The House impeachment inquiry is zeroing in on two White House lawyers privy to a discussion about moving a memo recounting U.S. President Donald Trump‘s phone call with the leader of Ukraine into a highly restricted computer system normally reserved for documents about covert action.
Deepening their reach into the West Wing, impeachment investigators have summoned former national security adviser John Bolton to testify next week. But they also are seeking testimony of two other political appointees — John Eisenberg, the lead lawyer for the National Security Council, and Michael Ellis, a senior associate counsel to the president.
The impeachment inquiry is investigating Trump’s call in which he asked Ukrainian President Volodymyr Zelenskiy for “a favour” — one that alarmed at least two White House staffers who listened in on the July 25 call.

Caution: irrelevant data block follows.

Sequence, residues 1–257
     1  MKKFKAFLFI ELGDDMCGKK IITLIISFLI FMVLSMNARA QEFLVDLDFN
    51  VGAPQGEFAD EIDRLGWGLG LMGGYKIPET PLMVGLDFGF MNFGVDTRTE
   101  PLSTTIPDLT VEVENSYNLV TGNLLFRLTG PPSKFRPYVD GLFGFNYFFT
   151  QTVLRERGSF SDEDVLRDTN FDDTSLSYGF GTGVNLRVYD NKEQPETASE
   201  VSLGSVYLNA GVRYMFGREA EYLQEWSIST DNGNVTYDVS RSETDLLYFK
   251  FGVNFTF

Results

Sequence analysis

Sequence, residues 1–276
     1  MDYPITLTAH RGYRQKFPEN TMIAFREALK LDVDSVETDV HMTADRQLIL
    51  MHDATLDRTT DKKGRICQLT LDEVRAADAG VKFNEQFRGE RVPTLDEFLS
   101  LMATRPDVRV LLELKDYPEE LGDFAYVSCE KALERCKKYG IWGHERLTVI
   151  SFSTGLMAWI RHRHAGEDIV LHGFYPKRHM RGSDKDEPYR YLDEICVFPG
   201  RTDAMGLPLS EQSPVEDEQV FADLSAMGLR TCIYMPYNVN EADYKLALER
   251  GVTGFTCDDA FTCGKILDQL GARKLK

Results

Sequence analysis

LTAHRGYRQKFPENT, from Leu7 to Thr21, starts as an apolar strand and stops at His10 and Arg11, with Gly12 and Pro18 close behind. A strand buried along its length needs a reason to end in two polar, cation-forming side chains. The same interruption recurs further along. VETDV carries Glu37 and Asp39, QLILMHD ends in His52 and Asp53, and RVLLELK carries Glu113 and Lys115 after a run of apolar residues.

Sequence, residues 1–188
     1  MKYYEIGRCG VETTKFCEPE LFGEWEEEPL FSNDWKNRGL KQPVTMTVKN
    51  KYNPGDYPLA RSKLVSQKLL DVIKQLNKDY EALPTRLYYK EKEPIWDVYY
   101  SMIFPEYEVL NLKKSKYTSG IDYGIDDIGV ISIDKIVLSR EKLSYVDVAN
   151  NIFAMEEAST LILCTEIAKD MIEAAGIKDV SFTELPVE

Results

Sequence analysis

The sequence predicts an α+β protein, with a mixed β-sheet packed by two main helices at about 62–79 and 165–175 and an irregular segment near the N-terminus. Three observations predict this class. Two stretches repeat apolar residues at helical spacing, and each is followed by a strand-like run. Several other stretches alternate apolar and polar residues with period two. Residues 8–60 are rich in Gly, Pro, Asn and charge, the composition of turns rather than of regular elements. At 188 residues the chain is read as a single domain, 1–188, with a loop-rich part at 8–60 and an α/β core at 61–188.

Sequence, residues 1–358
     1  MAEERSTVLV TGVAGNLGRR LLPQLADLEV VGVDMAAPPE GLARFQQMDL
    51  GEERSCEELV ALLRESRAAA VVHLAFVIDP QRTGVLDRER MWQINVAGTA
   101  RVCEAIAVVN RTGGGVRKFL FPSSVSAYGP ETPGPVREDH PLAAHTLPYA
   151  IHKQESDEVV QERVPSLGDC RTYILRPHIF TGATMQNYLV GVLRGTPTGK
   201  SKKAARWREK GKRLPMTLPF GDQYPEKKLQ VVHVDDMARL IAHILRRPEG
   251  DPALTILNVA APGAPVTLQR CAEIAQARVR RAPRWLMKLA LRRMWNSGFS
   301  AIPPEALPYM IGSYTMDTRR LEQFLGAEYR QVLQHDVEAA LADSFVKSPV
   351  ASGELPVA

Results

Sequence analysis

Trump asked Zelenskiy to investigate Democrats in the 2016 election and former Vice-President Joe Biden, a potential 2020 rival, as the Trump administration held up millions of dollars in military aid for the Eastern European ally confronting Russian aggression.
The lawyers’ role is critical because two witnesses have suggested the NSC legal counsel — when told that Trump asked a foreign leader for domestic political help — took the extraordinary step of shielding access to the transcript not because of its covert nature but rather its potential damage to the Republican president.
Trump has repeatedly stressed that he knew people were listening in on the call, holding that out as proof that he never would have said anything inappropriate. But the subsequent effort to lock down the rough transcript suggests some people in the White House viewed the president’s conversation as problematic.
Tim Morrison, outgoing deputy assistant to the president who handled European and Russian affairs at the NSC, told impeachment investigators on Thursday that military aid to Ukraine was held up by Trump’s demand for the ally to investigate Democrats and Joe Biden.
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